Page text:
no happy. especially after I bought a replacement and compared what i
                    did with what I bought.

                    About the only reason I'd wear them is to stay out of the mud... but
                    then, I'd probably sink to my tabi<g>.

                    Hint! I make tables and wonder if wood glue and clamps would help
                    you out? I do tables that way and rarely need anythign other than
                    wood dowels at the stress points.

                    On 6/1/12, Solveig Throndardottir <nostrand@...> wrote:
                    > Noble Cousin!
                    >
                    > Greetings from Solveig!
                    >
                    >> my husband used landscaping timber to make my first pair and they were
                    >> heavy but there solid and water proof were everyone was getting there feet
                    >> wet I was above it by three inches. And the timbers were treated, when I
                    >> got my indoor getas they were so light I could walk for days in them. Just
                    >> putting that info out there
                    >
                    > The bath is about the only place that you might normally wear geta indoors.
                    > Maybe the doma (which has a dirt floor) as well. I understand the desire to
                    > have footwear indoors, but I would think that zori would fit the bill.
                    > Various sorts of slippers are worn indoors in modern Japan except of course
                    > on tatami where only stockings, tabi, or bare feet will do.
                    >
                    > Your Humble Servant
                    > Solveig Throndardottir
                    > Amateur Scholar
                    >
                    >
                    >
                    > [Non-text portions of this message have been removed]
                    >
                    >


                    --
                    Rick Johnson
                    http://Rick-Johnson.webs.com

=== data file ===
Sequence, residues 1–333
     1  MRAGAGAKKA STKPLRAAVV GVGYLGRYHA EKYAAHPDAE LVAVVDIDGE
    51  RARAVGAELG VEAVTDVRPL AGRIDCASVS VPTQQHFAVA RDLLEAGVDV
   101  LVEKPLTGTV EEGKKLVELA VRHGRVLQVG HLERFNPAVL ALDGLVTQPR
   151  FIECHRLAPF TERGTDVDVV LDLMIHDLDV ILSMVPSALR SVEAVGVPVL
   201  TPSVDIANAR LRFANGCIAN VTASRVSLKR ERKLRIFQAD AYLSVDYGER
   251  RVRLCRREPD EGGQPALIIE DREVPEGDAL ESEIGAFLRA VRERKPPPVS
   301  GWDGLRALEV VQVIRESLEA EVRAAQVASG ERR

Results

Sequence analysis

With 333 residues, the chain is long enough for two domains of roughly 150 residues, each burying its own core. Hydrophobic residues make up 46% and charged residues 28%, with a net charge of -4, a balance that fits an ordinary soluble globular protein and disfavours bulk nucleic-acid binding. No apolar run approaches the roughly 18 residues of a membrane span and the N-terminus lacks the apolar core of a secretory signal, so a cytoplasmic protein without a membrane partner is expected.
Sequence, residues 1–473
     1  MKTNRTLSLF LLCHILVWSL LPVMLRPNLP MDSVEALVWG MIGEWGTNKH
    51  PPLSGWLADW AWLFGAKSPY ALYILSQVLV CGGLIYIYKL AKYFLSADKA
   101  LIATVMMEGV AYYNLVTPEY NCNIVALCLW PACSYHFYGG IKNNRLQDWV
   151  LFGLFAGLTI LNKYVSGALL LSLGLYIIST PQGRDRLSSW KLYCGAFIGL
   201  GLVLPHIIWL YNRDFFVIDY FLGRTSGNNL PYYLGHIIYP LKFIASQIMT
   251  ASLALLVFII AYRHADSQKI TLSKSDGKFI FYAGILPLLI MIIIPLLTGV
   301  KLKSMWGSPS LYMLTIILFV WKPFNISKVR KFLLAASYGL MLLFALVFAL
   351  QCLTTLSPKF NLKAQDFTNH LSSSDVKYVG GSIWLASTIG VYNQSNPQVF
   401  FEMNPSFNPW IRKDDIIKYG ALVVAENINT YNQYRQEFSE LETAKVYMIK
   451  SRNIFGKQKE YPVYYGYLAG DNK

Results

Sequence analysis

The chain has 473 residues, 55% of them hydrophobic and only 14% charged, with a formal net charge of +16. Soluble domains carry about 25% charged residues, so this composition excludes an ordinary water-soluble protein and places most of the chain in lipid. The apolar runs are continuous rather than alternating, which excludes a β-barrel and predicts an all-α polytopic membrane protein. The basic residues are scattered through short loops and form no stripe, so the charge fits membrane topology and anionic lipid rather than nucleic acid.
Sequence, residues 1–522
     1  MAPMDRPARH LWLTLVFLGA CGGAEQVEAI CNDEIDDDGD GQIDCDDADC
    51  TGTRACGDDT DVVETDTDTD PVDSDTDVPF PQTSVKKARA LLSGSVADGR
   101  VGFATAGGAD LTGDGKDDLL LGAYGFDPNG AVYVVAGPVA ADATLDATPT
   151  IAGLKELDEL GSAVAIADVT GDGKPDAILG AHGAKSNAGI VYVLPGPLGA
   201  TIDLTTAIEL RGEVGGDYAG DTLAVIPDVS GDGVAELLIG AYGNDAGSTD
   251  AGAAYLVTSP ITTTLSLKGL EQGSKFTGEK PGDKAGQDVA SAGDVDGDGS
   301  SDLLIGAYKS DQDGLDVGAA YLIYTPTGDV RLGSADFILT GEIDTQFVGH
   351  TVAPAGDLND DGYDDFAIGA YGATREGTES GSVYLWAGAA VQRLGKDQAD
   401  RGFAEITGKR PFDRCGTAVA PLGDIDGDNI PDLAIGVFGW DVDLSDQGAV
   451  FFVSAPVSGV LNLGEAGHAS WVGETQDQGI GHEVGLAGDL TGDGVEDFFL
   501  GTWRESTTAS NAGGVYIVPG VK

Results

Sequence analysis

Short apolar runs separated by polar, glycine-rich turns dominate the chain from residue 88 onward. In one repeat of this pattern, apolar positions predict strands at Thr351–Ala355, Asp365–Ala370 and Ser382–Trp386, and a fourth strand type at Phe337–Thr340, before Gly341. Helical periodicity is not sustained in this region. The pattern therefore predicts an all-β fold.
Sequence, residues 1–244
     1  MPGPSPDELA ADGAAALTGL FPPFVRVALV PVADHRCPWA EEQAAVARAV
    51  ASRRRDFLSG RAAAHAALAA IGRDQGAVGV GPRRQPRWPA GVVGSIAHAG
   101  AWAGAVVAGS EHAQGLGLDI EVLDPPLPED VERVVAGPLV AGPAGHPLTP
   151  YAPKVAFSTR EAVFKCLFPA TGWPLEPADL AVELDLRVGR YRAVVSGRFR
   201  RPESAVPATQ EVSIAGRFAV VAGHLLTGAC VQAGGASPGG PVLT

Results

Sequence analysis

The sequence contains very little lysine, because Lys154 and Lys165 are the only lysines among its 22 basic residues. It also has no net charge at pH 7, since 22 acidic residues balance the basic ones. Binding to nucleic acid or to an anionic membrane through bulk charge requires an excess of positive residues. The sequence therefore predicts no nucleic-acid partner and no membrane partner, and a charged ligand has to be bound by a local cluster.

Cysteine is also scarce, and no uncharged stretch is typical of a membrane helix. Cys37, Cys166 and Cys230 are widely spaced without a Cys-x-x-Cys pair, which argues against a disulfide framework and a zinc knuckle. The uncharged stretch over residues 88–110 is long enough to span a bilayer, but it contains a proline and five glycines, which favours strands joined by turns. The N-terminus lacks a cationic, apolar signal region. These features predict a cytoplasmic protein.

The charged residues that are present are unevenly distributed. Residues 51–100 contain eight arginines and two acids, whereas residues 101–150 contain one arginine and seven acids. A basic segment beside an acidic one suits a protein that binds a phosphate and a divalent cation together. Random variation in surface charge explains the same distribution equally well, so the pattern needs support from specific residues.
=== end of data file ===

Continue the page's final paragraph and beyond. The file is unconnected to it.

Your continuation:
"Those who give up a little freedom in return for a little imagined
                    security will soon find that they have neither."
                  • Ishiyama Gen'tarou Yori'ie
                    ... It s very important that geta be made from lightweight wood. They should be light enough, and the straps tight enough, that they stick to the bottoms of
                    Message 9 of 10 , Jun 2, 2012
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                      Jeanel Walker wrote:
                      > my husband used landscaping timber to make my first pair
                      > and they were heavy but they're solid and water proof.
                      > where everyone was getting there feet wet I was above it
                      > by three inches. And the timbers were treated, when I got
                      > my indoor getas they were so light I could walk for days
                      > in them. Just putting that info out there

                      It's very important that geta be made from lightweight wood.
                      They should be light enough, and the straps tight enough,
                      that they stick to the bottoms of your feet without flipping
                      and flopping.

                      Paulownia is about as light as balsa, but it is stronger. I
                      used poplar (widely available at big box hardware stores) for
                      a couple pairs, and it is fairly lightweight and very strong.
                      I used cedar for another pair and it is much lighter, but not
                      as strong. The cedar pair is very comfortable to wear, but
                      one of the teeth split on a rock.

                      --
                      The Hon. Lord Ishiyama Gen'tarou Yori'ie
                      (mka: Elliott C. "Eeyore" Evans)
                      ishiyama@...